Transforming Growth Factor β1 Function in Airway Remodeling and Hyperresponsiveness. The Missing Link?

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Abstract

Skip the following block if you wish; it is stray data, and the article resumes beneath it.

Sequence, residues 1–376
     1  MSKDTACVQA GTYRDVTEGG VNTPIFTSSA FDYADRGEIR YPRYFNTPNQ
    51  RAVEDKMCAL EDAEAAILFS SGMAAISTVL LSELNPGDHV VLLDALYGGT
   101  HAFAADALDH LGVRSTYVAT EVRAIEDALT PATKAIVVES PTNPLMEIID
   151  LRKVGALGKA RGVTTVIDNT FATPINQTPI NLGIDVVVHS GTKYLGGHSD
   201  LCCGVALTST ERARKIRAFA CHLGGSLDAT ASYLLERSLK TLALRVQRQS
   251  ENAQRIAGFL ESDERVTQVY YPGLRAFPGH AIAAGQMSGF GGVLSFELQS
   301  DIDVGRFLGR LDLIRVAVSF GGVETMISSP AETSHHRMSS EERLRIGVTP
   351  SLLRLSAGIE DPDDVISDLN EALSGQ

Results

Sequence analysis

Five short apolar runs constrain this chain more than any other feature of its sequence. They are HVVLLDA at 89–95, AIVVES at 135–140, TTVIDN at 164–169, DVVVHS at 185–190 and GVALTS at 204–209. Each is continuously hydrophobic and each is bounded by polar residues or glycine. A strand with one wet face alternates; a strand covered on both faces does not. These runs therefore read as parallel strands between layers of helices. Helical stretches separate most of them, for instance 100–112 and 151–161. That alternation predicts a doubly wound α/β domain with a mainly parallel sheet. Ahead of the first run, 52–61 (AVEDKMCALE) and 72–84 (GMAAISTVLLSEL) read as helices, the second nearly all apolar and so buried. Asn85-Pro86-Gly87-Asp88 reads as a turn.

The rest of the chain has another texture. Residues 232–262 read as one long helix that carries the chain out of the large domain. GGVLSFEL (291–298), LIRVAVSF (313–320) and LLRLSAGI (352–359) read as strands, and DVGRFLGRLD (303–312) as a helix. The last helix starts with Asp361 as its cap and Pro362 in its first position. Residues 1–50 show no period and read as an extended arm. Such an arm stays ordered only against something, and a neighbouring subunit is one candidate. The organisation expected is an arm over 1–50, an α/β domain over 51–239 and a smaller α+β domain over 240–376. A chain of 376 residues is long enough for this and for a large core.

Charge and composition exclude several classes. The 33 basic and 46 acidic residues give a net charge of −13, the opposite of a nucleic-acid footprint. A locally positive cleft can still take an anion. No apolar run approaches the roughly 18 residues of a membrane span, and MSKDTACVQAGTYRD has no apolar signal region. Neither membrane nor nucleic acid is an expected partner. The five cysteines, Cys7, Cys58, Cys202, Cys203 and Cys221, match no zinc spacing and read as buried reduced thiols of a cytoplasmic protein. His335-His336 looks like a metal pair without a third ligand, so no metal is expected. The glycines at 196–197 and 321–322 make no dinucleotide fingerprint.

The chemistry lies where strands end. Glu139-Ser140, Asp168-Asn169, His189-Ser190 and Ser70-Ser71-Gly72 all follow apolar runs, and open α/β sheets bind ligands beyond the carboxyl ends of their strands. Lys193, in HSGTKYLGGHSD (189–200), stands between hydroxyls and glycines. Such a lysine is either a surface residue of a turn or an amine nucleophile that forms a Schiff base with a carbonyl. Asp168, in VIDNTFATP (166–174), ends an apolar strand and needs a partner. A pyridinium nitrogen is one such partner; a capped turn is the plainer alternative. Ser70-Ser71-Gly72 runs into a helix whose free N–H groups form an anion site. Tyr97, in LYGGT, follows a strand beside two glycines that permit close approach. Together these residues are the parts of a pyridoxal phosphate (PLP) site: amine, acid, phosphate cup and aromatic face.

The pathogenesis of asthma includes a complex interplay among airway inflammation, hyperresponsiveness, and remodeling. Current evidence suggests that airway structural cells, including bronchial smooth muscle cells, myofibroblasts, fibroblasts, and epithelial cells, mediate all three aspects of asthma pathogenesis. Although studies show a connection between airway remodeling and changes in bronchomotor tone, the relationship between the two remains unclear. Transforming growth factor β1 (TGF-β1), a growth factor elevated in the airway of patients with asthma, plays a role in airway remodeling and in the shortening of various airway structural cells. However, the role of TGF-β1 in mediating airway hyperresponsiveness remains unclear. In this review, we summarize the literature addressing the role of TGF-β1 in airway remodeling and shortening. Through our review, we aim to further elucidate the role of TGF-β1 in asthma pathogenesis and the link between airway remodeling and airway hyperresponsiveness in asthma and to define TGF-β1 as a potential therapeutic target for reducing asthma morbidity and mortality.

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